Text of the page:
Pro Patria – August Hatakka

Private August Hatakka was a member of the 8th Border Guard Company, Metsäpirtti Detachment. He was mortally wounded by artillery fire on the 27th December 1939.

The oldest of three children, August Hatakka grew up in a farming family in the village of Hatakkala, Metsäpirtti.

Due to the increased tensions between Finland and the Soviet Union, many men along the border regions were called up for service in covering units. These groups would screen the mobilsation of the main field army, as well as delay the advance of the Soviets by any means necessary. Some of these units were formed from Border Guards, others of the local Civic Guard and the rest were Reservists.

In the Metsäpirtti region, the 8th and 9th Border Guard Companies were formed on the 7th Ocotber 1939. They were grouped together as the Metsäpirtti Detachment under Group Rautu and were responsible for the area along the Ladoga section.

In the first days of the war, the 8th Border Guard Company found itself under heavy attack and by the 6th December had been forced to retreat across the Taipale river and take up defences at Karnajoki. They would support Infantry Regiment 28 in keeping the Soviet forces at bay.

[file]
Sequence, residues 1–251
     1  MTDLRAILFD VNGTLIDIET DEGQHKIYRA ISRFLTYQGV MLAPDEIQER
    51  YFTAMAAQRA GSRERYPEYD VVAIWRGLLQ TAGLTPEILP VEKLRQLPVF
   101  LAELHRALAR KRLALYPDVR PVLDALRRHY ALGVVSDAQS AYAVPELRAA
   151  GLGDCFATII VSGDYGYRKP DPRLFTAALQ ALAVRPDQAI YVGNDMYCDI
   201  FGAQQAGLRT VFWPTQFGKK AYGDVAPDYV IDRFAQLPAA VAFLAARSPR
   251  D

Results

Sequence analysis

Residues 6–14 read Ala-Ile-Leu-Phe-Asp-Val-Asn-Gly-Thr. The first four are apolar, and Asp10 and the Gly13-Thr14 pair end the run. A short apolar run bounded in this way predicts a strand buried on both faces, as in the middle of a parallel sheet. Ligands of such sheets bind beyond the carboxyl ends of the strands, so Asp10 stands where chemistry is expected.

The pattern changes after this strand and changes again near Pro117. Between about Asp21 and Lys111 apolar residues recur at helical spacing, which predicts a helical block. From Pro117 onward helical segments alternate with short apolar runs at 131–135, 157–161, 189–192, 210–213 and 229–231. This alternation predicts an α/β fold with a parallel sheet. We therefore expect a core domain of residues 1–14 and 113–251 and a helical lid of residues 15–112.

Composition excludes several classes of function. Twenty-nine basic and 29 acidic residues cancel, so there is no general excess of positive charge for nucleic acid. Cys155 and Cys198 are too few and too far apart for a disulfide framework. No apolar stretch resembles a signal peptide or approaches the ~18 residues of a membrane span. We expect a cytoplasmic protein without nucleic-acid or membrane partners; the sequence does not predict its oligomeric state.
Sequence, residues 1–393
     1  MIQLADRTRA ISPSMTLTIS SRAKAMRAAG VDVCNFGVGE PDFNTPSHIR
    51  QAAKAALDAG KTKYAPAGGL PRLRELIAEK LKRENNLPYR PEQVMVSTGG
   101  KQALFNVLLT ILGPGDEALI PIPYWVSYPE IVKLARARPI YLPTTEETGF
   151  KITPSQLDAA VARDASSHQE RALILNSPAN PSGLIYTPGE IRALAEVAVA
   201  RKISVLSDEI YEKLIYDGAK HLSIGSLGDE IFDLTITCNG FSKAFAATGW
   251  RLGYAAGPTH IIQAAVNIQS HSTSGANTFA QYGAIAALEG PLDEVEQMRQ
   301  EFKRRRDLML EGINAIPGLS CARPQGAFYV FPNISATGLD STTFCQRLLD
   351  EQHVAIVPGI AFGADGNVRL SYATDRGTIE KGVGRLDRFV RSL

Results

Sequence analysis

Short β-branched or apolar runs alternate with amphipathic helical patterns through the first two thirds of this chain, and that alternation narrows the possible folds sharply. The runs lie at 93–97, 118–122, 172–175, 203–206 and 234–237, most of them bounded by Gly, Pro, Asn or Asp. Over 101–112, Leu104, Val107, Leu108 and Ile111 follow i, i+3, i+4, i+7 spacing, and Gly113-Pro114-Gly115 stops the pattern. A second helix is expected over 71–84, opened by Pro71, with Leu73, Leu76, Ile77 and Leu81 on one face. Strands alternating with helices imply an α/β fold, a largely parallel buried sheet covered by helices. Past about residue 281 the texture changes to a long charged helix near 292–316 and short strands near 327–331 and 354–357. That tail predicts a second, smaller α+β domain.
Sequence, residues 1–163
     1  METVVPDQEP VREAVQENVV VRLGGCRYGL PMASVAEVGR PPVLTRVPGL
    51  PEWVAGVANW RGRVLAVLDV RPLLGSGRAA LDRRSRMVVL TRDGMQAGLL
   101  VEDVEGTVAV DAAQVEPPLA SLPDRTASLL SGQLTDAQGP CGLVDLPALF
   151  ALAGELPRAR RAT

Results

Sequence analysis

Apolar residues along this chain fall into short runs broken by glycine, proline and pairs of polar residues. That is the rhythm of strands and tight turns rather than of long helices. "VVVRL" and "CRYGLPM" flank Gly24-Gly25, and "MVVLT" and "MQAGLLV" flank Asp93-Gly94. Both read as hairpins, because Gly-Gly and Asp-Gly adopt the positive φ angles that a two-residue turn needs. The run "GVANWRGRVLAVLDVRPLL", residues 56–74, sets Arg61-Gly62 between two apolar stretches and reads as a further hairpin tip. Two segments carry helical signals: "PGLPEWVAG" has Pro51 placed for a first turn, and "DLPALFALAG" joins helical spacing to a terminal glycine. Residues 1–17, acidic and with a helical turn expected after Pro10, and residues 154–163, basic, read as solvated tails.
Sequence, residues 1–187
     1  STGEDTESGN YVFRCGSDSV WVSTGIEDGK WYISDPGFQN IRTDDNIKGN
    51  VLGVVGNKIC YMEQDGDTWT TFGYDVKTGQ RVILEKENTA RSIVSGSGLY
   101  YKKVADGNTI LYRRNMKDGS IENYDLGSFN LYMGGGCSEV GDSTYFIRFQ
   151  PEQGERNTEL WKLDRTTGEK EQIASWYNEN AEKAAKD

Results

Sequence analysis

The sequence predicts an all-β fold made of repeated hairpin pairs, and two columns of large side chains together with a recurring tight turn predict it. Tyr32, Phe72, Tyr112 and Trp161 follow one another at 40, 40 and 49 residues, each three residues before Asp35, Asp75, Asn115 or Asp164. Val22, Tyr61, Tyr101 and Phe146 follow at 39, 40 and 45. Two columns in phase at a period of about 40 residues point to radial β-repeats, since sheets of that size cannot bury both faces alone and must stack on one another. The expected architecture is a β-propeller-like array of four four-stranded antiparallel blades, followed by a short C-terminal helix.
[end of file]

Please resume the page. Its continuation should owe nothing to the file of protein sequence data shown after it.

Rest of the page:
By the second half of December the heavy fighting on the Taipale section had quietened down but this didn’t mean the Finns were out of danger. Constant artillery bombardments and occasional reconnaissance in force meant that the defenders had to be on constant alert. On the 27th December the men of the 8th Border Company suffered heavy artillery fire from early morning till the afternoon. During this strike, August Hatakka was mortally wounded, dying soon afterwards.


Logo for the 80 year anniversary of the Winter War Talvisota

2 thoughts on “Pro Patria – August Hatakka

  1. Dear Sir,

    Greetings from Southern California! I am attempting to conduct research on the Winter War. I am specifically attempting to learn about the Finnish 4th Infantry Division fighting against the Russian 70th Rifle Division in late December 1939. Would you be willing to direct me to some books to read? I would enjoy emailing you directly, if you are willing to communicating directly with me?

    All the best,
    Robert Hammond

    1. Thanks for the comment Robert,

      I apologise for the lateness in my reply. With the summer season and a new job, things have been a wee bit crazy and up in the air. I certainly have some suggestions that might be of interest to you.

      You can email me at

      I look forward to hearing from you.

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